The Legal Consequences of Breaching a Rental Contract 1

Overview of Rental Contracts

People rent apartments, homes, offices, and various other properties all the time. Rental agreements are legal documents that create a relationship between the landlord and the tenant. Landlords provide a place to live or work, and the tenant agrees to pay rent and follow the rules listed in the contract. A rental contract is a legally binding agreement.

What Happens if a Tenant Breaches a Rental Contract?

A breach of contract occurs when one party doesn’t fulfill their obligations under the rental agreement. If a tenant breaches a rental contract by not paying rent, violating the lease’s terms, or causing damage to the property, the landlord has the right to take legal action against them. Depending on the severity of the breach, the landlord may either give a tenant a warning or an eviction notice.

Warn or Evict?

Whether a landlord decides to give a warning or evict a tenant for breach of contract depends on the severity of the situation. If the breach is minor (such as being a few days late with rent), the landlord may choose to give the tenant a warning. A warning informs the tenant that they have violated terms of the lease and that they need to rectify the problem immediately. If the tenant fails to follow through with the warning, the landlord may then move forward with an eviction process.

If the breach is major (such as causing severe damage to the property), the landlord may move forward with an eviction without warning. An eviction notice typically provides the tenant with a specific number of days to move out of the rental unit before the landlord takes legal action. Specific laws surrounding eviction notices vary by state, so landlords must know and comply with local regulations.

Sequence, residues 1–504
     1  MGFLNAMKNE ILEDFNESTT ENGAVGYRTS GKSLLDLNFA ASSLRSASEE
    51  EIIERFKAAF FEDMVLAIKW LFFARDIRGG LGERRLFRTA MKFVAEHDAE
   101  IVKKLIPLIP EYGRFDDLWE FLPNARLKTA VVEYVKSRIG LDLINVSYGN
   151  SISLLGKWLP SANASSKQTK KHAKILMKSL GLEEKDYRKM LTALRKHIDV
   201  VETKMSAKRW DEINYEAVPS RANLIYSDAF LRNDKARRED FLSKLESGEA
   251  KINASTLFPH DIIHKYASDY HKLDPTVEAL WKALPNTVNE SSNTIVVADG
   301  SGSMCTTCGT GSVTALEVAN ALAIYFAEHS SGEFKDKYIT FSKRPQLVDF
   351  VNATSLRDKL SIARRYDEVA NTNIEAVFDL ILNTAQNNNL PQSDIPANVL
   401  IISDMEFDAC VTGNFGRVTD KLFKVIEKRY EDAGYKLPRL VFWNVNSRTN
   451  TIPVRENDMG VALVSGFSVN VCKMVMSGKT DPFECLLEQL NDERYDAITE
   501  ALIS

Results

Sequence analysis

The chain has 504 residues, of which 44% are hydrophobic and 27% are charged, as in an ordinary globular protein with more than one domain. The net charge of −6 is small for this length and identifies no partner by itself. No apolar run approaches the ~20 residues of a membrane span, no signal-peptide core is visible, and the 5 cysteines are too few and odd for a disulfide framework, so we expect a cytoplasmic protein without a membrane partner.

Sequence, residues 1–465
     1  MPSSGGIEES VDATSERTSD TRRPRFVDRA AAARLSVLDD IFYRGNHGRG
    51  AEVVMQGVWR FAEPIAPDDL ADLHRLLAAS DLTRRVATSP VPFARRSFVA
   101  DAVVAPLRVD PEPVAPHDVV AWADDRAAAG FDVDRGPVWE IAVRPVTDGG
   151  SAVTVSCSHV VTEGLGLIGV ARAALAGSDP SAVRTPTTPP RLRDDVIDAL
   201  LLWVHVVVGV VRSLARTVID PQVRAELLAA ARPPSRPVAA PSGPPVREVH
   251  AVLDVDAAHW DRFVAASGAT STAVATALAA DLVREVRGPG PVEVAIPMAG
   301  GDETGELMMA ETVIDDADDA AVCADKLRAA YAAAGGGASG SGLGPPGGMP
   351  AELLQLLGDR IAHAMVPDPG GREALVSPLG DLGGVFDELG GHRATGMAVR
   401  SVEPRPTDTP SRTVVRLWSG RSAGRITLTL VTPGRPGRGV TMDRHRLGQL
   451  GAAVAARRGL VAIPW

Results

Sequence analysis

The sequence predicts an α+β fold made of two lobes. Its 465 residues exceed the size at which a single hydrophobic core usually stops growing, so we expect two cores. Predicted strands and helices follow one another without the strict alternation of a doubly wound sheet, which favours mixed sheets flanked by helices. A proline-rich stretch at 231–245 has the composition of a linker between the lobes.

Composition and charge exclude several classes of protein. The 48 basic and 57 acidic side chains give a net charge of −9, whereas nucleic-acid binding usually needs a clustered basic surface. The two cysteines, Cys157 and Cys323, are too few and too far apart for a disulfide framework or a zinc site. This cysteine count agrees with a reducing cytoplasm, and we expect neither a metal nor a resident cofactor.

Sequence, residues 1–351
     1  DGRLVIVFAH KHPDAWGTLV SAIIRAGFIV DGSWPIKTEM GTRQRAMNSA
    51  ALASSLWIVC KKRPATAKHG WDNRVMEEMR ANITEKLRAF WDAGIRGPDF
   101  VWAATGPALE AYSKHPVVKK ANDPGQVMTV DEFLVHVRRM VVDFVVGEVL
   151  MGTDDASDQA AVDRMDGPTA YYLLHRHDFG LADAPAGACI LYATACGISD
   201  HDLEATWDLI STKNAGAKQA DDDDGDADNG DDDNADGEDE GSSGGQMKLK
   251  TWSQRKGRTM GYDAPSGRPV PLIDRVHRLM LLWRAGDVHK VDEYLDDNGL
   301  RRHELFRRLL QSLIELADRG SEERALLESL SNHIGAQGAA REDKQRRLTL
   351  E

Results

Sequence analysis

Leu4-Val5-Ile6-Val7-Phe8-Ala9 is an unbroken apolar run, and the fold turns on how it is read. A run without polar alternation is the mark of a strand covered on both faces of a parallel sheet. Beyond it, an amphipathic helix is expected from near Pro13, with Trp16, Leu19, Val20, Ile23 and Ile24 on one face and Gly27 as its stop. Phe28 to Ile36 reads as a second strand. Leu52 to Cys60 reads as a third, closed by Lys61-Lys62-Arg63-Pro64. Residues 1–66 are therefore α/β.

Consequences of a Breach of Rental Agreement

If a tenant breaches a rental agreement, they may not only face eviction but also financial consequences. For example, a tenant may have to pay additional fees to cover damages to the rental property or unpaid rent, including costs that the landlord incurred (e.g., filing an eviction process with the court, property repairs). Sometime landlords may withhold the deposit as well.

It’s important to note that a breach of contract can have long-term consequences. For example, if a tenant is evicted, this eviction notice will become a part of that person’s rental history that future potential landlords will see when they apply to rent properties elsewhere, making it difficult for the tenant to secure another rental agreement in the future.


A rental agreement is a legally binding document. A breach of this contract by a tenant can come with numerous legal consequences. As a tenant, it’s important that you understand the terms of your rental agreement and follow through with all of your obligations. As a landlord, it’s important that you understand your rights and that you follow proper legal action when a breach of the rental agreement arises. Lastly, both parties need to ensure that they are communicating effectively so that any issues and problems that arise can be addressed as soon as possible. Find extra information on the subject in this external resource we suggest. Learn more with this online resource, keep learning!

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